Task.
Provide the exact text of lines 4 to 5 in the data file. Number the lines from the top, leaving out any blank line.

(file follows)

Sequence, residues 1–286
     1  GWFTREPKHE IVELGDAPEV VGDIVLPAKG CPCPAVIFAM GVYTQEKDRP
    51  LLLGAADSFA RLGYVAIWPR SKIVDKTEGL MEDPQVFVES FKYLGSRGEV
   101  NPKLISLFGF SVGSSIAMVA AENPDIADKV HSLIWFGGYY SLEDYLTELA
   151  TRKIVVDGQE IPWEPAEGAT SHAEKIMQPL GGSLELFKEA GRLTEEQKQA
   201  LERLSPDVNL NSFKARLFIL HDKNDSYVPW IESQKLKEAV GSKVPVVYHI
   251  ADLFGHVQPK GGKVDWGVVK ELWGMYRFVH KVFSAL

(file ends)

   101  NPKLISLFGF SVGSSIAMVA AENPDIADKV HSLIWFGGYY SLEDYLTELA
   151  TRKIVVDGQE IPWEPAEGAT SHAEKIMQPL GGSLELFKEA GRLTEEQKQA